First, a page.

Herb: Waxflower Shinleaf

Latin name: Pyrola elliptica

Family: Pyrolaceae (Wintergreen Family)

Medicinal use of Waxflower Shinleaf:

The leaves have analgesic properties and were used as a poultice on bruised shins and other sores and wounds. A tea made from the whole plant was used to treat epileptic fits in babies. A decoction of the whole plant has been used as eye drops to treat sore eyes, sties and inflamed eyelids. A tea made from the leaves was used as a gargle for sore throats and cankers in the mouth. A tea made from the roots is tonic.

Description of the plant:


20 cm
(7 3/4 inch)

to July


Habitat of the herb:

Rich, mainly dry woods.

Propagation of Waxflower Shinleaf:

Seed - the only information we have on this species is that it is difficult from seed and germinates infrequently. We would suggest sowing the seed as soon as it is ripe if this is possible. Sow it into soil collected from around an established plant, only just covering the seed, and put the pot in a shady part of a cold frame. Pot up any young seedlings as soon as they are large enough to handle, once again using soil from around an established plant. Plant out into their permanent positions when the plants are large enough. You should not need to use soil from around an established plant to do this since the soil in the pot will contain the necessary micorrhiza. Division with great care in the spring. Pot up the divisions using some soil from around an established plant, grow on in a lightly shaded part of a greenhouse or frame and do not plant out until the plants are growing away vigorously.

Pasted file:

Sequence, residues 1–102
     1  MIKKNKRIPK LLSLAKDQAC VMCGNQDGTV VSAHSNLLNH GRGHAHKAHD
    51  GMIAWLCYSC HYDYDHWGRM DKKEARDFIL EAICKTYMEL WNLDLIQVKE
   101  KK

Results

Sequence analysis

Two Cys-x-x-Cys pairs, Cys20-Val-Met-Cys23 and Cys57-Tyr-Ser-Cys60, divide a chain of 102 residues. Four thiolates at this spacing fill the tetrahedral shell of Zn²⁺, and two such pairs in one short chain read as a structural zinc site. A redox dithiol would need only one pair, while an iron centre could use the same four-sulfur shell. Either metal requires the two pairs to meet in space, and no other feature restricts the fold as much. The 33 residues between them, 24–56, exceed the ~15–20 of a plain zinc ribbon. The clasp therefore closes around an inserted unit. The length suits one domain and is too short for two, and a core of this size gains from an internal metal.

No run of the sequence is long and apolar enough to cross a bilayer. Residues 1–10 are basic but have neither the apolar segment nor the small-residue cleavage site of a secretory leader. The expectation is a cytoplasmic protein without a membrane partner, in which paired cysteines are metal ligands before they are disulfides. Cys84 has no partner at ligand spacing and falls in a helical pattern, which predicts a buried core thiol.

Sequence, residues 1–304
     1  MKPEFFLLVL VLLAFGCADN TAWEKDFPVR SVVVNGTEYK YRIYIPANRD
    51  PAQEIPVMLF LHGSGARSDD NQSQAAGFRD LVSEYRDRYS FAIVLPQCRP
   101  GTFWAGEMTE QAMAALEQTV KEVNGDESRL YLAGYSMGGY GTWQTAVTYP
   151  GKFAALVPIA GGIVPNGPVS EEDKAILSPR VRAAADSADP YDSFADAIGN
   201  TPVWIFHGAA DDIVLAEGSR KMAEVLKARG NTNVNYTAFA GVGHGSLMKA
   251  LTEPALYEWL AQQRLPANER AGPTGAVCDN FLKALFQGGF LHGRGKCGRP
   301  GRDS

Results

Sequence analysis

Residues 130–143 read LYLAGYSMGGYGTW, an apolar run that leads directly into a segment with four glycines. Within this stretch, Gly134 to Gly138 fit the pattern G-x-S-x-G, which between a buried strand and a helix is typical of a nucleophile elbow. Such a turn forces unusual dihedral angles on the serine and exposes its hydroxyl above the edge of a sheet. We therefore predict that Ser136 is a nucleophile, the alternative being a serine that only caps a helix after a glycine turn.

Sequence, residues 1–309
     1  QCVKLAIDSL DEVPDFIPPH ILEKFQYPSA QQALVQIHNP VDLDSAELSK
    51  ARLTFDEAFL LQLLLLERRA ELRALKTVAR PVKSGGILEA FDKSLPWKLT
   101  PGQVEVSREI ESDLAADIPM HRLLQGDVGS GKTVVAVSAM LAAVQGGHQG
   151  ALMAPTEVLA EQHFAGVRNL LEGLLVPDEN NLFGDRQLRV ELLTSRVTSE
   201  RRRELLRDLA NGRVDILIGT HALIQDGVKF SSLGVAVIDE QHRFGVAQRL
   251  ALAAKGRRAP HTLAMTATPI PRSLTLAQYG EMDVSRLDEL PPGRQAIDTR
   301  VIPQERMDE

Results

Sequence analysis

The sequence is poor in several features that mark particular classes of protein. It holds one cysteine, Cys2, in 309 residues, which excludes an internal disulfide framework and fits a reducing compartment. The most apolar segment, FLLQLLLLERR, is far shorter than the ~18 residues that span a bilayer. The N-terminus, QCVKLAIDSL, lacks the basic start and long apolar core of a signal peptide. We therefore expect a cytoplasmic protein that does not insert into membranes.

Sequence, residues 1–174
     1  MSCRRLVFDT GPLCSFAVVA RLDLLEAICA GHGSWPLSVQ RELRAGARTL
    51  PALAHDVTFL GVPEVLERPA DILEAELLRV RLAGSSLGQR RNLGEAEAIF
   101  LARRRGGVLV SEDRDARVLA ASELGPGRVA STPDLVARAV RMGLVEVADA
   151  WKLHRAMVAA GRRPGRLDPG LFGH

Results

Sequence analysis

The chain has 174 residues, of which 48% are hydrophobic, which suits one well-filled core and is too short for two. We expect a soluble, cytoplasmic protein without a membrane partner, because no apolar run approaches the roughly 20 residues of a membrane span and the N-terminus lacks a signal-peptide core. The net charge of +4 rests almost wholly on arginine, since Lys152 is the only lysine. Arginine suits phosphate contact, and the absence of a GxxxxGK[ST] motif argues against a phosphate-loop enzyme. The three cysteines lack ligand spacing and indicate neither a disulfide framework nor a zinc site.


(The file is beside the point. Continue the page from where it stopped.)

Cultivation of the herb:

Rich, mainly dry woods.

Known hazards of Pyrola elliptica:

None known

Plant information taken from the Plants For A Future.